IXD302 – Applying for a Job
In the beginning of today’s class, Daniel went over various student reports on slack about placement detailing the problems that many students could face while searching/applying and how to avoid it. It felt really refreshing Daniel showed us this as this allows me to avoid future mistakes and stick out when applying. Some of the things that I will keep in mind:
- Nothing to loose; try to apply for as many places as I can, even those who aren’t advertising.
- DON’T copy & paste CV to all jobs, as this can contain errors and not structure properly. Make it unique for each job.
- Be passionate, ask questions & ready to learn.
- Stand out, personalized message.
The necessities to apply for a job:
- Cover Letter
- What should my CV contain?
- Contact Details – All direct and active platforms which you can be instantly notified.
- A Short Bio – Describing yourself and what you do.
- Skills – Relevant and alternative skills.
- Work Experience – The more relevant the better.
- Education – Degree & A-levels, as GCSE’s aren’t important at this stage there is no point going into detail.
- Awards and Additional Info – Relevant & extracurricular activities
- References – Can be from lecturer.
- Making it eligible
- Short – I must ensure my CV is as concise and compact as possible, meaning no waffling or big fancy words – get straight to the point. (Average 1-2 A4 pages) No more than 3.
- Relevancy – Ensure the CV is affiliated with as much relevant information for the job as possible.
- Grammar – Ensure there is no consistent grammar errors. Use grammar checkers if I have too. (Hemingway Editor)
- Reverse chronology – Whilst writing it is better to tell the timeline backwards as it instantly shares all your most updated and relevant information first.
- Competency Indicators – *AVOID* – a common theme is CV’s charts that describe their skillset such as “62% proficient in Photoshop”. This is an unaidable and strange way of confusing the reader.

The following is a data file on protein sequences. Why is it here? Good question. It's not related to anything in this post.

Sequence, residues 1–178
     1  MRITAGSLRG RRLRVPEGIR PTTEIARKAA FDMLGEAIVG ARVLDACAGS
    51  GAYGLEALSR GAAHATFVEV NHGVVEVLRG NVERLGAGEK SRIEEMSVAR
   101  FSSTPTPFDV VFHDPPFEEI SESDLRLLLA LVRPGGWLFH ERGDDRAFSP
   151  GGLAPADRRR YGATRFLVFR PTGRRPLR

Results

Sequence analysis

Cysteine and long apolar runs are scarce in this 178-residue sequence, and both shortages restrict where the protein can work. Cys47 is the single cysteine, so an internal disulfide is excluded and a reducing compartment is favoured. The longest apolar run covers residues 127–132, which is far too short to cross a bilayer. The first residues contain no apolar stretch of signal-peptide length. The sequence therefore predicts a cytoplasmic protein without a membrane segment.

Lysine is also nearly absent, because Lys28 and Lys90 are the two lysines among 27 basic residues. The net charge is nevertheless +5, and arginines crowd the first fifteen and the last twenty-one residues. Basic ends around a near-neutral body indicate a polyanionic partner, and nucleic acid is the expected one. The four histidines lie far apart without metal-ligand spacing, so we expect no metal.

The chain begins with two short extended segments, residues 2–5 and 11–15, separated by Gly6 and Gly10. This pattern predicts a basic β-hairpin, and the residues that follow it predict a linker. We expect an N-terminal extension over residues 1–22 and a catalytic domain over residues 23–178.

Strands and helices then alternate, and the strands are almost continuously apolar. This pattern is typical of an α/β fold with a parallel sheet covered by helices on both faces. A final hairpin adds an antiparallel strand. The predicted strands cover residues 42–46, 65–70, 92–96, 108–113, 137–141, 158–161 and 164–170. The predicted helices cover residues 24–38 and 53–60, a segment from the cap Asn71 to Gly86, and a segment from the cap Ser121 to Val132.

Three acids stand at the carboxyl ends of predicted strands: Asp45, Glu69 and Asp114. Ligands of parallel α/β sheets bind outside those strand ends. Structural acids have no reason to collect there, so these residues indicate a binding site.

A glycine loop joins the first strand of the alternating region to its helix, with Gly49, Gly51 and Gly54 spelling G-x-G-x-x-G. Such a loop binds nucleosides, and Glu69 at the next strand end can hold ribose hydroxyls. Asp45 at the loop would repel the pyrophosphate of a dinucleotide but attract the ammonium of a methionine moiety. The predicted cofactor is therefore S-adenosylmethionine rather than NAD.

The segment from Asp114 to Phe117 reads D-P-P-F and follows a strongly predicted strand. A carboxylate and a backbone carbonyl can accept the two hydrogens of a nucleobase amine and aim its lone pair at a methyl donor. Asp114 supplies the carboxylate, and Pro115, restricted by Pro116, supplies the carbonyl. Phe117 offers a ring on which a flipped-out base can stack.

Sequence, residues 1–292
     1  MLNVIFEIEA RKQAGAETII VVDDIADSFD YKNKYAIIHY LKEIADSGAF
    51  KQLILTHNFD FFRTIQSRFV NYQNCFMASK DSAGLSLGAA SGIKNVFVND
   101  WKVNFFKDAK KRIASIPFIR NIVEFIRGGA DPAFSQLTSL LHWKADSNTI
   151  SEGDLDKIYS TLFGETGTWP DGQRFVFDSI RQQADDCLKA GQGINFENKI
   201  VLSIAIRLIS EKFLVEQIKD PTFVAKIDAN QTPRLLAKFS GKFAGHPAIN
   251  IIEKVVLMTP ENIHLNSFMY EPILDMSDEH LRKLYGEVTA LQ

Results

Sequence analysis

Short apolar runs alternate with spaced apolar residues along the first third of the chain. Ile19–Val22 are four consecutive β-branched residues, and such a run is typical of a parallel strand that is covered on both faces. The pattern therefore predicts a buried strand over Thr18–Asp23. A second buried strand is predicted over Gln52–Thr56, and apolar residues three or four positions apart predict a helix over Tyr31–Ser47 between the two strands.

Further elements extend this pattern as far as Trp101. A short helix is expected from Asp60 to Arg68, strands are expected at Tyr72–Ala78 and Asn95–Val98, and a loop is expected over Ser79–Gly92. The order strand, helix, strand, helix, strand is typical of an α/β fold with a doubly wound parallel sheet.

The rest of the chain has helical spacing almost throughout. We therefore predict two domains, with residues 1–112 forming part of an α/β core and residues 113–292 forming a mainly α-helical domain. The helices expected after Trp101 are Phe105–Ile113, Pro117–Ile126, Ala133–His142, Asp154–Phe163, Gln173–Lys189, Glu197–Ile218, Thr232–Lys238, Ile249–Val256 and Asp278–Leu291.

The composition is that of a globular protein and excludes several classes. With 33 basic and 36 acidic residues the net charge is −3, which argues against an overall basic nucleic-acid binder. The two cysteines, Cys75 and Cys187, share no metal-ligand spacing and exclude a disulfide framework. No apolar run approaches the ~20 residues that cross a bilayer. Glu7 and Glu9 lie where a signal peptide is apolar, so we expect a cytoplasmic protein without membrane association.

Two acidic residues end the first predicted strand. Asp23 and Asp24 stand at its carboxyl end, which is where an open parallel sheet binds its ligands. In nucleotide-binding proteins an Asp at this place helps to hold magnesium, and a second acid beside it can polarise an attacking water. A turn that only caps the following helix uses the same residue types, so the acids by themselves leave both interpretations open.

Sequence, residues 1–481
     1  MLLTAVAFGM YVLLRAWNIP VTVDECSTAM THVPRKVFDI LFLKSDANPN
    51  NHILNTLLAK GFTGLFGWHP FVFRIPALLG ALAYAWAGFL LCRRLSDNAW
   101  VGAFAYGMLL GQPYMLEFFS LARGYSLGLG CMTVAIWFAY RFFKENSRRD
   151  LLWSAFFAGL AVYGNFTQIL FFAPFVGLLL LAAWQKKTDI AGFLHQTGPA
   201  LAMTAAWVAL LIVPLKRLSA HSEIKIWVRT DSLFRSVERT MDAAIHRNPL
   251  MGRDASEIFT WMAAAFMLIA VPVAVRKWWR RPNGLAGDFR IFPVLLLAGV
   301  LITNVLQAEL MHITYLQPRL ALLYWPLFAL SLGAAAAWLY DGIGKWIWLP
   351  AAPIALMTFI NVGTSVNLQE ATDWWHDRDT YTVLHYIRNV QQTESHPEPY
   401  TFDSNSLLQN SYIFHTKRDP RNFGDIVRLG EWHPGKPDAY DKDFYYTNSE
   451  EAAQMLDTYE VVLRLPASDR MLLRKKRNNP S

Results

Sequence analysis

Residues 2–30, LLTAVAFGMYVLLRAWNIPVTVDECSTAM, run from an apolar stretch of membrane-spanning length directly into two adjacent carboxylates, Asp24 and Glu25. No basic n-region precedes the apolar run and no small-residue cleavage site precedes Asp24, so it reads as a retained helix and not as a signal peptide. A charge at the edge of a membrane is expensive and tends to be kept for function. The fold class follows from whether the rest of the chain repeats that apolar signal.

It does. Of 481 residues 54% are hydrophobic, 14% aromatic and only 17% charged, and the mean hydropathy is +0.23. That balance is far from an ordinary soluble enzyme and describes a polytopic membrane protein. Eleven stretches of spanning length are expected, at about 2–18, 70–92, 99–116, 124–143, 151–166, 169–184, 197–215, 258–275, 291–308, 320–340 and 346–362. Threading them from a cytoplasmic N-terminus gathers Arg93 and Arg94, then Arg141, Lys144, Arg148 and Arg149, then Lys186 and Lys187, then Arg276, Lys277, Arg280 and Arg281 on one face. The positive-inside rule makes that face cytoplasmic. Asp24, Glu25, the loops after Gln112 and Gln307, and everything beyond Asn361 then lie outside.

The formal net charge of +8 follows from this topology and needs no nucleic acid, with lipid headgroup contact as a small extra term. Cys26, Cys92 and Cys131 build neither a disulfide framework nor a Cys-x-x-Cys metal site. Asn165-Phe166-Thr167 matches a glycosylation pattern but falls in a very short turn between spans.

- Limited colour Palette – (2 colours max) – Too many colours can be confusing and distracting when trying to look for simple information.
- Typography – A nice clean modern sans serif typeface can make my CV more readable. Reasonable custom typefaces can make your CV more friendly and unique.
- Add a link to my Portfolio
- Tailor to the jobs needs – Depending on what job I am applying for I must tailor my CV such as skillset, etc. to match the values of that job, this gives me greater chance of success.
- Ask permission for references
- Consistency – Ensure that CV and LinkedIn are all updated and share the same information.
- Structure – Spell checks, personalised, Short and simple sentences.
- Create a sense of connection – Phone the company and ask questions, come prepared to the call and involved.
- Tone of Voice – Respectful and natural (not too robotic or too casual) Allow for others to re-read my cover letter to see if it flows well and natural.
- Flair – Talk with passion, involvement and excitement. Add myself in the company and explain why I am a good fit. Talk about my respect for them and how I came across them.
- Gain attention of employer through different means – This involves different creative approaches to gain attention, for example Daniel shared a successful story that he done by sending a decorated tube with his CV to an employer.
Workshop Task – Job titles
For this task Daniel set us out in groups all with individual post-it notes with a job title containing it all for the others to guess and unveil our job title under 20 questions.
This was quite a fun exercise, but ultimately this was to put us in a certain mindset and allow us to start thinking of our most important qualities of a specific job as well as the skills that are involved. I found this self assessment very entertaining thus easy to grasp.
What did I learn?
Overall, today’s class was a very interesting and detailed class. I am now more aware on how to create a successful CV through structure of content and visuals and what to add & not to add. This class has been a big boost for my confidence as I now know the foundations of producing a cv and has been a huge relief as I go into placement. I will now begin to write my own CV using the same principles as Daniel has discussed today.
Things to do:
Join Slack group (NI Design Chat) nidesignchat.com